The benefits of legalizing recreational marijuana use in New York outweigh potential negative effects, according to a new assessment released today by the state health department.
The report, which Governor Cuomo called for in January, states that regulating the drug benefits the public "by enabling government oversight of the production, testing, labeling, distribution and sale of marijuana." A regulated program would allow the state to better control licensing, consumer protection and set age and quantity restrictions, the assessment found.
The report also says New York would become one of the largest regulated marijuana markets in the country, and tax revenue would support state initiatives such as public health, education, transportation and law enforcement. The report cited Colorado, where marijuana sales generated $200 million in sales tax revenue and licensing fees in 2016.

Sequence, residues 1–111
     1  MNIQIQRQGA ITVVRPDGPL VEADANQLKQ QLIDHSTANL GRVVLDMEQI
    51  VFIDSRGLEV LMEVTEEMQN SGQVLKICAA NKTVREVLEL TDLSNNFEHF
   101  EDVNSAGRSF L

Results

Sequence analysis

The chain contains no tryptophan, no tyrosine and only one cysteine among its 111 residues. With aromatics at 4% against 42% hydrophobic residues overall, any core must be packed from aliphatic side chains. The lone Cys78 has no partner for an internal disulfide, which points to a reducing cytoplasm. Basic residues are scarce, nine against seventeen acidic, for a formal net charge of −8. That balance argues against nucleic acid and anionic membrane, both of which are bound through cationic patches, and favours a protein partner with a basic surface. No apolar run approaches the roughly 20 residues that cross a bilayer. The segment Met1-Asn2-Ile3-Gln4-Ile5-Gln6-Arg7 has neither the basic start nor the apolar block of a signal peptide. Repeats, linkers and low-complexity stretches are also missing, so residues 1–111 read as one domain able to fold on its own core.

In addition, the assessment states legalizing recreational marijuana can reduce legal and illegal use of opioids by easing access to marijuana for pain management. Currently, 13 health conditions qualify patients for medical marijuana in New York.
Dr. Laszlo Metchler, Director of the Cannabis Clinic at Dent Neurologic in Amherst, said that the legalization of marijuana could save hundreds of lives.
"We have 115 people dying on a daily basis from prescription drugs and the ones that can't get opioids turn to heroine. Medical marijuana and recreational marijuana may help that," Mechtler said.
The assessment also says the criminalization of marijuana has not curbed its use, which has remained mostly steady since 2002. New York's marijuana arrest rate of 535 arrests per 100,000 people was higher than any other state in 2010 and double the national average.
"Numerous NYS agencies and subject matter experts in the fields of public health, mental health, substance use, public safety, transportation, and economics worked in developing this assessment," the report says. "No insurmountable obstacles to regulation of marijuana were raised."
The report has been submitted to Governor Cuomo for review.